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TAMPA BAY RAYS
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Placed SS-S Asdrubal Cabrera on the 15-day disabled list (strained hamstring); recalled MIF-R Tim Beckham from Triple-A Durham. [7/12]

With current top shortstop prospects Daniel Robertson (injured) and Willy Adames (infant) unsuited for recall, the Rays had to choose Cabrera's replacement from a pool of former top prospects: Beckham, Hak-Ju Lee, and Nick Franklin, each flawed in his own way. Lee is the best fielder and worst hitter of the group, while Franklin doesn't have the arm or actions for the position (and may not have the bat, if his recent big-league work is any indication). That leaves Beckham as the happy medium. He's already had a few runs this season in the majors, during which he's showed off his athleticism and above-average pop. Beckham has also displayed a liberal interpretation of the strike zone, and some massive swing-and-miss issues, so there's no sense anointing him anything more than a potentially useful extra infielder. Still, with Jake Elmore serving as the only hurdle, there's a legit chance Beckham will become Tampa Bay's starting shortstop—you know, just as planned. —R.J. Anderson

TEXAS RANGERS
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Released LHP Ross Detwiler. [7/15]

Detwiler is large and left-handed, with the ability to touch the mid-90s. In those ways, he seems like the perfect candidate to pair with a pitching coach as revered as Mike Maddux, so it's a little surprising to see him fail to this degree. After all, Detwiler didn't just perform poorly, he posted what will become, barring a second-half resurgence with his next team, career-worst groundball, walk, and home run rates. Yikes.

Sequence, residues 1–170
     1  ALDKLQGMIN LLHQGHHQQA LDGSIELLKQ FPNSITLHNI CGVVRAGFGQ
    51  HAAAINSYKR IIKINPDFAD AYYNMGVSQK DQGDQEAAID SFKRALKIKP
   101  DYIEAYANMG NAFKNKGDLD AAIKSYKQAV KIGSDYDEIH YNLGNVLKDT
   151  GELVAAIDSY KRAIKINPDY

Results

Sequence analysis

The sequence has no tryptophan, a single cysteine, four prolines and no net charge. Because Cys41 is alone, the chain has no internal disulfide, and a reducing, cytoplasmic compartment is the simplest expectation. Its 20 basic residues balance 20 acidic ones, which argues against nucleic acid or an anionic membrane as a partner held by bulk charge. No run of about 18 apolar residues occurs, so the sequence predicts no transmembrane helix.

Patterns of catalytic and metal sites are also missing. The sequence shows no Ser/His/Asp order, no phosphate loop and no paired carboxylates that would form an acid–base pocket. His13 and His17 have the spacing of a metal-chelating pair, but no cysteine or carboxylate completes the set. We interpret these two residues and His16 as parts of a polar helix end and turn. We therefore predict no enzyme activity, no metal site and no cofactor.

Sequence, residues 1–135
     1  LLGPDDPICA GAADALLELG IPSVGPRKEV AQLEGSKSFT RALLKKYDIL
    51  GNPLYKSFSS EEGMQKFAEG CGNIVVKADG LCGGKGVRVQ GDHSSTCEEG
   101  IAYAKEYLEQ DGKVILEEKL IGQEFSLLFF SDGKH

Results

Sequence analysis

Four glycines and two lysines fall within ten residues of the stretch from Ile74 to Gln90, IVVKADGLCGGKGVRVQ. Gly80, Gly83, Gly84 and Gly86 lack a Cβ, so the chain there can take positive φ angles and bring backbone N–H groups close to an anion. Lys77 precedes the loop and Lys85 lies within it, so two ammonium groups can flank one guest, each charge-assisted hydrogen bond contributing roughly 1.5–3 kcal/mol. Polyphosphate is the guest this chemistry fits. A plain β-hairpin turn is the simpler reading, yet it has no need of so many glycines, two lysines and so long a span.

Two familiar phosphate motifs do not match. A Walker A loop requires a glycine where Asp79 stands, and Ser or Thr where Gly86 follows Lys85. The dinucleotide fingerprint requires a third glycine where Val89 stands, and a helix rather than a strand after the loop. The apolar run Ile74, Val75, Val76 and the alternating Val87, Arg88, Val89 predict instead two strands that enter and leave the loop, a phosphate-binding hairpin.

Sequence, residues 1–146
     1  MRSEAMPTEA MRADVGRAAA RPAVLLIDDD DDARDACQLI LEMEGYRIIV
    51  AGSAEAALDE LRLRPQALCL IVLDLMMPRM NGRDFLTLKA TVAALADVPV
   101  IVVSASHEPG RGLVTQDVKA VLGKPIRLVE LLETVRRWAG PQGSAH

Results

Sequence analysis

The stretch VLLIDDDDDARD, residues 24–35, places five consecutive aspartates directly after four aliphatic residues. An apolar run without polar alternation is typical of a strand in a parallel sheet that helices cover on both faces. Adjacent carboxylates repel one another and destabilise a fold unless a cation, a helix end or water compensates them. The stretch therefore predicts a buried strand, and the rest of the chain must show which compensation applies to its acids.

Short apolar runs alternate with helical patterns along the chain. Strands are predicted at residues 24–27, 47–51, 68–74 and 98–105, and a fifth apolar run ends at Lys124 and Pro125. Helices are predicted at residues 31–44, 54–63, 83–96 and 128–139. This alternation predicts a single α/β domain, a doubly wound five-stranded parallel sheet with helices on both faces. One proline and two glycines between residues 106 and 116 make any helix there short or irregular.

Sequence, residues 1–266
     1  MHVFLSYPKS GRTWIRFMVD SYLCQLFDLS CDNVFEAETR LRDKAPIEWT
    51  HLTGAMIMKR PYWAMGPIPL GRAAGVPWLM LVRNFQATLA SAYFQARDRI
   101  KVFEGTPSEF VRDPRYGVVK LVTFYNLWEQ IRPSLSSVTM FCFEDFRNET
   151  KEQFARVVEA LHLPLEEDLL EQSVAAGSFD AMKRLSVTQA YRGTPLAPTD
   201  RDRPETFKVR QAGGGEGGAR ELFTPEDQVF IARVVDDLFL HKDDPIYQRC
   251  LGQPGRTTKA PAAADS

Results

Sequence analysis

But the reason Detwiler's ugly season is only a little surprising, as opposed to wholly surprising, is because he's always been better in theory than practice. His velocity and ability to cut and sink the ball are nice attributes, but they never led to a ton of missed bats or groundballs. He never had the command to qualify as a crafty lefty, nor the secondary pitches to be known as effectively wild. What is Detwiler if not one of those labels? Maybe the better question is what he should become: a reliever, and, based on his platoon splits, perhaps one of the left-handed specialist variety. —R.J. Anderson

CINCINNATI REDS
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Claimed RHP Donn Roach off waivers from the Cubs; designated RHP Donovan Hand for assignment. [7/13]

Roach doesn't look like much. He's on the small side with a short stride that leaves him upright at release, reducing the perceived speed of his already well-below-average velocity. His results don't look like much either, thanks to one of the worst strikeout rates in Triple-A. But teams continue to employ Roach on the 40-man roster, largely due to his extreme groundball tendencies: He's at 66 percent this season, and has topped 70 percent multiple times in the past. The key for Roach is (perhaps obviously) his sinker, a pitch he added run to in 2015 by lowering his arm slot. The Reds could use Roach as an emergency starter—before you laugh, keep in mind that Jason Marquis has taken turns in Cincy's rotation—but his ceiling tops out at groundball specialist. —R.J. Anderson